Fees

How much to charge? How to charge? How do I discuss charges with potential clients? These are vexing questions, particularly for those coaches in the early business-building phase.

How Much to Charge: Please don’t read this post expecting to find THE number. The Federal Trade Commission gets really excited about price fixing. Professional groups are even forbidden to mention numbers on listservs and other mass communication mediums. I don’t think I’d like to have to wrestle with the FTC. But we can talk about how to think about fees.

What kinds of criteria does one use to determine a fee? A number of them come to mind:

  • What is your time worth to you? How does it compare to other ways that you could make a living? To what income level do you aspire?
  • Consider the time, money, and effort you have spent getting trained. Usually, those years are lost income years. Good training has value. Training gives you the framework to acquire and learn from experience. As a result, you can do things most people don’t know how to do.

A man calls a plumber. The man looks over the complex plumbing situation for a minute or two. Then he takes out his hammer and strikes a joint once. Problem solved. The plumber gives the man the bill. The man responds “Wait! You spent five minutes here, and all you did was hit the joint. How can you charge so much?” The plumber responds: “It’s all in knowing what and where to hit.”

  • What level of training do you bring? How much experience do you have as a coach? Do you have other work/life experiences that add to what you can do?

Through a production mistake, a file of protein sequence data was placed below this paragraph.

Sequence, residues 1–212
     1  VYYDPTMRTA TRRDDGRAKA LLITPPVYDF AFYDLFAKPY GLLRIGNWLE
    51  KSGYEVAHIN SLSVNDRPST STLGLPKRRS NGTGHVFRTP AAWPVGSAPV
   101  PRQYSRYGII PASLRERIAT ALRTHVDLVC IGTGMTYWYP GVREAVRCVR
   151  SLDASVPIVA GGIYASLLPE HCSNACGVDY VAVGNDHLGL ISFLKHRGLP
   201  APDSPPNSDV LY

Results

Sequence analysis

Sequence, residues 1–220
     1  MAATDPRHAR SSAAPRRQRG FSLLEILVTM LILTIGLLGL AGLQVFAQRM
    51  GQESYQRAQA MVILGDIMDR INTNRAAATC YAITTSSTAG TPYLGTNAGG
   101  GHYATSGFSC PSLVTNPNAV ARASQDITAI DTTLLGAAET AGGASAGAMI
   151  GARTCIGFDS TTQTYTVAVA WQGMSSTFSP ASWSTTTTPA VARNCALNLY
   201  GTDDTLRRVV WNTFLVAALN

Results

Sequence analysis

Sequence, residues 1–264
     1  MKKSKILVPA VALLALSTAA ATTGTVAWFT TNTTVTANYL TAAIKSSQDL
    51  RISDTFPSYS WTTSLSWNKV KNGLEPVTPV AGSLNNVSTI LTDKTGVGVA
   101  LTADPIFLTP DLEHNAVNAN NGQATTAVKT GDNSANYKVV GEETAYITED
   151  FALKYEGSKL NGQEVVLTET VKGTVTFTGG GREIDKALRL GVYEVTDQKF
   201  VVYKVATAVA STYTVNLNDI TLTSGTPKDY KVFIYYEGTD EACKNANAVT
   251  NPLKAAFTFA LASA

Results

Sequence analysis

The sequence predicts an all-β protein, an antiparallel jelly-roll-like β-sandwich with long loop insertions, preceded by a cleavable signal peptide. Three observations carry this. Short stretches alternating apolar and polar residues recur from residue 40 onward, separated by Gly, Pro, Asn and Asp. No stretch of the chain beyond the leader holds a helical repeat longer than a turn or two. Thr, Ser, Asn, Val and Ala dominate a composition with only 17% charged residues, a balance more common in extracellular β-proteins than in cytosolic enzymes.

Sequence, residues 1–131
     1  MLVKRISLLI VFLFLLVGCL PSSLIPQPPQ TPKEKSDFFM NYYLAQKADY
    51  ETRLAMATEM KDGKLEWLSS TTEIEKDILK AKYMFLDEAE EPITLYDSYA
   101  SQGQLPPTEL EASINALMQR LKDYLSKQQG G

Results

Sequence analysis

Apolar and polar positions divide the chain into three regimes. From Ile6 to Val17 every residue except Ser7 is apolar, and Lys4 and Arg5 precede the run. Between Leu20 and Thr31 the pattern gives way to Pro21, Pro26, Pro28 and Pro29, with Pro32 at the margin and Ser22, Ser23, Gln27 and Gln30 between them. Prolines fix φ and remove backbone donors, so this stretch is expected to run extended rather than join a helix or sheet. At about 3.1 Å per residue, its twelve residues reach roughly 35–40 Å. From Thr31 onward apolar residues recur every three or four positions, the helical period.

• What do other coaches charge? Again, you don’t want to run afoul of the FTC. But there is nothing wrong with asking a few of your fellow coaches what they charge in order to get a range. (You can also Google the question. But you will find the reported ranges so broad as to be nearly meaningless.)
  • What are client organizations willing to pay? This will depend on a variety of factors. Does this organization have a history of using executive coaches? If so, they already believe in coaching and may have an established range. (Some coaches will get more than others.) Is this an organization that is new to using coaches? If so, they are going to depend on you to help them know a fair rate. A coach who was consulting me shared this story:

An HR VP wanted to engage him to coach a senior leader in her company. She asked: “What do you charge?” He answered “$300 an hour” a little nervously. He didn’t want to charge too much and chase away what looked like a sure sale. She answered: “I can’t go to my CEO with $300. We need to make it at least $500. Otherwise, you won’t have any credibility.”

  • What is the value of your service to the organization? This is the most important factor of all. It is tricky because the impact of coaching is difficult to measure directly.